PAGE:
Library Corner: Enjoying the Icelandic celebration of Jolabokaflod |

Library Corner: Enjoying the Icelandic celebration of Jolabokaflod

Arthur Dollard
Grand County Library District clerk
On Jolabokflod, cozy up and read to yourself, read to a friend, or snuggle in and share a book with your furry friend like Gus the Reading Dog.
Grand County Library District/Courtesy Photo

Many Coloradans have anxiously questioned what gift to get for their friends and family members. Would they like this shirt? How would she like this expensive necklace?

In Iceland, the answer is simple. Books! A flood of books, to be more accurate. Since 1944, citizens of Iceland have celebrated reading, family and giving through the celebration of Jolabokaflod, which simply translates to “Happy Book Flood.” During World War II, many resources were rationed, making it harder for families to gift their children new winter mittens or other acceptable gifts. Paper was one of the few items not rationed, so out of ease, books became the common gift to exchange. Every year since, a special holiday book catalogue is mailed to each home in Iceland. From this catalogue, people order their new books, and they all arrive just in time for the holiday.

Book shopping

Looking to purchase some books for Jolabokaflod? Stop by the Kremmling Library for the annual December book sale or peruse the Friends book sale shelves at Fraser Valley Library, Juniper Library, Granby Library and various businesses throughout the county.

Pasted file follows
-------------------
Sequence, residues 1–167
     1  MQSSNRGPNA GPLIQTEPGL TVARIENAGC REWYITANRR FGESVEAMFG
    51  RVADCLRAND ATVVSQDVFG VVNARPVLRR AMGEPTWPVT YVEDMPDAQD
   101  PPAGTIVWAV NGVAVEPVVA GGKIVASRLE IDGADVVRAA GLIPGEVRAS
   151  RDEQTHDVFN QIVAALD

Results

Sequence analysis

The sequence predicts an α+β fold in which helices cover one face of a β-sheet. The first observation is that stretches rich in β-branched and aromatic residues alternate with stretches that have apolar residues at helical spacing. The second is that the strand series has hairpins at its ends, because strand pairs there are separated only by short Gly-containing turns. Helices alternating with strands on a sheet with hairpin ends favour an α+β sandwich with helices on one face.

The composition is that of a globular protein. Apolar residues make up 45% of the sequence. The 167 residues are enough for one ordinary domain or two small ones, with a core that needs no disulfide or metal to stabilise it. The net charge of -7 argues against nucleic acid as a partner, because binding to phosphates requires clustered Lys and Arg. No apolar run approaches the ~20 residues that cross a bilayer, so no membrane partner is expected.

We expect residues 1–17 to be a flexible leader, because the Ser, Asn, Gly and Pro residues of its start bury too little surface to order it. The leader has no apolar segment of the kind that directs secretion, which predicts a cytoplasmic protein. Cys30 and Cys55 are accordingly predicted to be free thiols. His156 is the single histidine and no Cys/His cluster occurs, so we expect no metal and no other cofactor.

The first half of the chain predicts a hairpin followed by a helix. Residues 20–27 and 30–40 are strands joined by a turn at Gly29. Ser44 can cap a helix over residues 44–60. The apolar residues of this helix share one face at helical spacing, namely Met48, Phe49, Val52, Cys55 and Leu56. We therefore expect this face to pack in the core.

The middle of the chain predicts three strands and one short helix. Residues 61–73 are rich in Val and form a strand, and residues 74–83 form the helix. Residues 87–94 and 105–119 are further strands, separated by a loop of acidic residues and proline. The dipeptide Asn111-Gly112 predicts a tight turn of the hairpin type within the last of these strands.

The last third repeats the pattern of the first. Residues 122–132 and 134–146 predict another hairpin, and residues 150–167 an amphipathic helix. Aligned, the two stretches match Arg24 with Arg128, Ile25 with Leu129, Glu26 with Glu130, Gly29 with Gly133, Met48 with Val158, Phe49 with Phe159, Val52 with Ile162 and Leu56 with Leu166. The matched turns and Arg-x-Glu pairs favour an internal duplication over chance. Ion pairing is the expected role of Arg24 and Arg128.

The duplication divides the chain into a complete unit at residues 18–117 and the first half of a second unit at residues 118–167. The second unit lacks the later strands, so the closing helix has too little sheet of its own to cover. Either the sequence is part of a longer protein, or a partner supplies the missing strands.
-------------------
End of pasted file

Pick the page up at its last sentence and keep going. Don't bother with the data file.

Icelanders exchange gifts on Dec. 24. Immediately beginning a new book is encouraged. After gifts are opened, everyone plucks their most anticipated book and snuggles up with a cozy cup of hot chocolate or perhaps the traditional jolabland. This drink is anything but bland. Mix equal parts orange soda with a brown ale such as Guinness. Then, grab your favorite reading blanket and get lost in the new book.

Reading is an important part of Icelandic culture, families and tradition. According to popular Reykjavik news outlets, Iceland is no doubt a country of readers, with many citizens boasting of having read at least eight books in a year. This is on par with many Americans reading nine to 15 books in a year, depending on a range of demographics. This love and excitement around gifting books not only benefits communities but also the publishing companies. Compared with other Scandinavian countries, Iceland out-publishes and out-sells all of their neighbors. Books are not only exchanged during the holiday, but also during birthdays, anniversaries and many other celebrations.

This holiday tradition shares many of the same values with Grand County Library District — values such as lifelong learning through exposure to new ideas and information. Free thought, exchange of ideas and creating strong community are all connected to literacy and sharing the love of reading. Books help us to lay down memories. One day, you will read something which will change your life.

But best of all, books are a great gift to give because they are easier to wrap than an SUV! Happy Jolabokaflod!

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